The committee also invites proposals for papers which will examine five aspects of the conference:
Please submit proposals not exceeding 250 words by 30 June 2004. Papers will be allowed 15 minutes delivery time, with time for discussion and questions. It is anticipated that the conference proceedings will be published, including a refereed section. Once abstracts have been received, details re the submission of papers for the refereed section will be distributed.

Please send abstracts and correspondence to:
Dr. Anne Beggs Sunter, Eureka 150 Conference sub-committee,
School of Behavioural and Social Sciences and Humanities,
University of Ballarat,
PO Box 663, Ballarat, Vic. Australia, 3353.


Hard to find nowadays...

Sending the apprentice off for "the long weight" or "the can of tartan paint" was not workplace bullying. It was about lightening the tedium of the daily job but also about teaching scepticism and whether you are really listening. It was initiation into the world of work at (generally) a fairly gentle level with often an absurd or surreal touch. Even today young people are sent off for film for the digital camera or white ink for the laser printer... Do you know of any such apprentice tricks?

Mark Thomson: email:
Ph 08 8278 7843 or 0419 865 821


June Factor writes:

Museum Victoria, now home of the Australian Children's Folklore Collection, is to publish later this year a book centred on the remarkable American children's folklorist, Dorothy Howard's, 10 months of collecting children's lore and language in Australia in 1954-55. The book will republish - mostly for the first time in this country Dorothy Howard's dozen monographs on aspects of her research here, as well as a chapter on the social and cultural environment of Oz in the mid-1950s by the historian Dr Kate Darian-Smith, a chapter on DH and the significance of her work here by me, and a chapter by the American scholar Dr Brian Sutton-Smith on contemporary international research which supports Dorothy Howard's pioneering analysis of children's folkloric play.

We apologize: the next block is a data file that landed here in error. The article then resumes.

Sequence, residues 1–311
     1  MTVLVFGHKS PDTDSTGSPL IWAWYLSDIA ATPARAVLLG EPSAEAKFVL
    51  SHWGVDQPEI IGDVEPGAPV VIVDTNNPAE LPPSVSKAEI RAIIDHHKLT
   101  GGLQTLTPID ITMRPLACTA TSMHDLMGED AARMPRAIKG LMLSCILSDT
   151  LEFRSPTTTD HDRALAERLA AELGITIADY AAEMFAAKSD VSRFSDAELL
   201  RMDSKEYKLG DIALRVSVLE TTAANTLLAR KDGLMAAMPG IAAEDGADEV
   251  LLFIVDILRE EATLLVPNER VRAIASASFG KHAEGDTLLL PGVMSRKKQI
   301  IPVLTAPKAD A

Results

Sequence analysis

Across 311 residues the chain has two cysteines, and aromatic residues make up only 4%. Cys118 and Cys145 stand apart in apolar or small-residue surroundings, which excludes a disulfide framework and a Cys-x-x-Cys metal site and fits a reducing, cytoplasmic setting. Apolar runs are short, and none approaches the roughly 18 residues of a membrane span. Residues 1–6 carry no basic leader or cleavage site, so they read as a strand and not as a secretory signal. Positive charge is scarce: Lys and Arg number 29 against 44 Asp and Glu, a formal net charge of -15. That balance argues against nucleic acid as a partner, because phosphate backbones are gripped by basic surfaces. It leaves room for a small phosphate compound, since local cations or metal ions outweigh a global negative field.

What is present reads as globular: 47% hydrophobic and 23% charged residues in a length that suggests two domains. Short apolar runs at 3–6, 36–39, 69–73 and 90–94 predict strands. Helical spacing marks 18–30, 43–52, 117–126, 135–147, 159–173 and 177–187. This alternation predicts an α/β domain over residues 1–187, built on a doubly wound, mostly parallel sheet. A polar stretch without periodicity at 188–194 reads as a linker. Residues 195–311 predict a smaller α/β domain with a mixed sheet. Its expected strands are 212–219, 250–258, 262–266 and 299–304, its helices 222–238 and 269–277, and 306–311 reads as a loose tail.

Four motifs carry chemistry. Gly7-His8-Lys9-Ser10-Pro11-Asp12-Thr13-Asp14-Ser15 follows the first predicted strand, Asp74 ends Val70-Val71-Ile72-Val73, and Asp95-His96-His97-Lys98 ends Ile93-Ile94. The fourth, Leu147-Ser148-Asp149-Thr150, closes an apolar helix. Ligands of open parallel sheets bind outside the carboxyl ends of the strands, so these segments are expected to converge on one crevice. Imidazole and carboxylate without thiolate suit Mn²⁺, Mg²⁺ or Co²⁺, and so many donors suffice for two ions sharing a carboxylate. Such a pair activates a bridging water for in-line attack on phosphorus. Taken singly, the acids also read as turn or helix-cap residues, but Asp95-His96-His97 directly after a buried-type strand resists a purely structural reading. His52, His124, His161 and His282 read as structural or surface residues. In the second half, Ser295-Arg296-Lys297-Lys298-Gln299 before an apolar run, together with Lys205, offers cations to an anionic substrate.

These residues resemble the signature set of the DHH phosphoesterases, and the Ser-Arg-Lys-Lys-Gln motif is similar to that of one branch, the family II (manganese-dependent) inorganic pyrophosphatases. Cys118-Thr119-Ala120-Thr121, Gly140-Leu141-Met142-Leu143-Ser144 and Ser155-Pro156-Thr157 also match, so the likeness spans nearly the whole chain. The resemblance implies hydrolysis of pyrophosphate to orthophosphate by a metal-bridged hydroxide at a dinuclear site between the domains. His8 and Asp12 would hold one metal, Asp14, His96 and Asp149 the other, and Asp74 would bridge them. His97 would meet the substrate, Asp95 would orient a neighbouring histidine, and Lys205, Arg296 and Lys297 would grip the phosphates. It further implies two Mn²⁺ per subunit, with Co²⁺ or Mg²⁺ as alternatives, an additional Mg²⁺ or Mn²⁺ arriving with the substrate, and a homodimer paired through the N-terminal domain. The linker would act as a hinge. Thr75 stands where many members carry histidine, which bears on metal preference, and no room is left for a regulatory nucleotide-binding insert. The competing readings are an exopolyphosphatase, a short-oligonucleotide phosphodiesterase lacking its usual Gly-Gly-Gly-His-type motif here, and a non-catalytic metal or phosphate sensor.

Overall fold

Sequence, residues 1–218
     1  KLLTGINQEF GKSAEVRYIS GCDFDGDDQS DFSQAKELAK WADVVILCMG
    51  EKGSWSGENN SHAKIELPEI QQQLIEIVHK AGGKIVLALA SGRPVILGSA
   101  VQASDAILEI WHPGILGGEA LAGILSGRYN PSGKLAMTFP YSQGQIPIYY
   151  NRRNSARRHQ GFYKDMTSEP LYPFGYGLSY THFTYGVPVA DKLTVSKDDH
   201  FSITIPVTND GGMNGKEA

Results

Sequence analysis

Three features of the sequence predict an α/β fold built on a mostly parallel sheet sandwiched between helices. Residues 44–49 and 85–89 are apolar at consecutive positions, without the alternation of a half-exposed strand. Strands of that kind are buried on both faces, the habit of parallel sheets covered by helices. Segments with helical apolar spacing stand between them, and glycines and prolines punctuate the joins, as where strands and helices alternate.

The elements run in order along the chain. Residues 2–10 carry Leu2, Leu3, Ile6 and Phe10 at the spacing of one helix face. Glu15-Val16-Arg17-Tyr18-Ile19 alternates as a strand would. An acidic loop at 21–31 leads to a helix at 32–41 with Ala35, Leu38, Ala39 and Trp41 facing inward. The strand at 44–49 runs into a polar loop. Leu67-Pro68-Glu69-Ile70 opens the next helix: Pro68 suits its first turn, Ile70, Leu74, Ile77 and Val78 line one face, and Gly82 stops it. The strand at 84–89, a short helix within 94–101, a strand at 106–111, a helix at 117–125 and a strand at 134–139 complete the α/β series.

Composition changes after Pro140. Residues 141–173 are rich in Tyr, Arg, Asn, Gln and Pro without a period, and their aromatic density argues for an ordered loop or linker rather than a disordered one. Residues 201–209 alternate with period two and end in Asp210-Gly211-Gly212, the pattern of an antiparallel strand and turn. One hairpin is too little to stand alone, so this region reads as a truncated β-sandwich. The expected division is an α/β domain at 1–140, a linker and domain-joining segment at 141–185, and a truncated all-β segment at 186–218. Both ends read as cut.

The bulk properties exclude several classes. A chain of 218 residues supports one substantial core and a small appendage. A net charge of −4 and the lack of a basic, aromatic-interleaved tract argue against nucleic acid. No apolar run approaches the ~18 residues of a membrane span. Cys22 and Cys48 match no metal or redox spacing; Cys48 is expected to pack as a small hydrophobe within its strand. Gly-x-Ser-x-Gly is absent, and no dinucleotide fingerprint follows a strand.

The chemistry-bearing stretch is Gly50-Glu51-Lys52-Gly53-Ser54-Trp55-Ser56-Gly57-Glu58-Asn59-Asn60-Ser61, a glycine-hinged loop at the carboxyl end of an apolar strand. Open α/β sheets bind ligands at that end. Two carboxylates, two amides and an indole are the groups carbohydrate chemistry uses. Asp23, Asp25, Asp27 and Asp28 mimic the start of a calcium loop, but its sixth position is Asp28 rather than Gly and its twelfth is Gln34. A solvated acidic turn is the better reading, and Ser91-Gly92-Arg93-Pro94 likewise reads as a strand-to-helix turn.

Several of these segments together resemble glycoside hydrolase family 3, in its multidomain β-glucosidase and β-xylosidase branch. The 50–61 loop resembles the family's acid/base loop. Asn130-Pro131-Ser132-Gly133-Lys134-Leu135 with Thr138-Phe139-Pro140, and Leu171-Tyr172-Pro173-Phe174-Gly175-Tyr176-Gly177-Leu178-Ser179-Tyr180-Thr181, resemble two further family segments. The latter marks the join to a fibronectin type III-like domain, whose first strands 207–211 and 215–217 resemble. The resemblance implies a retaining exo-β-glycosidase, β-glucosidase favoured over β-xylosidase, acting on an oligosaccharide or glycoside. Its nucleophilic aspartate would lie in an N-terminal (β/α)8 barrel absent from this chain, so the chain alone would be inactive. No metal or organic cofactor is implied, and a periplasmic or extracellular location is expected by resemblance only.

The Australian Children's Folklore Collection has been placed on the UNESCO Australian Memory of the World Register. Congratulations to June Factor, Gwenda Davey and all who have been involved with this irreplaceable archive of Australian folk heritage.


Bill Fletcher writes:

Some of you may be interested in a fascinating collection of Scottish broadsides (see description below) which are online in both facsimile and machine-readable form. The collection is searchable by word or phrase and browsable by subject. While modest in size by corpus standards, this collection may be useful for student projects.

The Word on the Street - Broadsides at the National Library of Scotland

The National Library of Scotland's online collection of nearly 1,800 broadsides lets you see for yourself what 'the word on the street' was in Scotland between 1650 and 1910. Crime, politics, romance, emigration, humour, tragedy, royalty and superstitions - all these and more are here.

Each broadside comes with a detailed commentary and most also have a full transcription of the text, plus a downloadable PDF facsimile. You can search by keyword, browse by title or browse by subject.


Alan Musgrove
Australian Children's Folklore Collection, Museum Victoria
Bill Scott
Bill Wannan (dec.)
Bob Bolton
Brian Dunnett
Brian Shepherd
Brian Wilkins
Bruce Cameron
Bob Rummery
Bush Music Club
Campbell Irving
Chloe Roweth
Chris Kempster (dec.)
Chris Woodland
Chris Wright
Christine Mimmocchi
Colin McJannett
Dani Rocca
Danny Spooner
Dave Hults
David De Santi
David Mulhallen
Dawn Anderson Dieter Bajzek
Folk Alliance Australia
Graham Seal
Gregan O'Leary
Gwenda Davey
Hugh Anderson
Ian Russell
Jan Orloff
Jason Roweth
Jenny Gall
J D A Widdowson
Jeff Corfield
Jim Low
John Harpley
John Low
John Marshall
J S Ryan
June Factor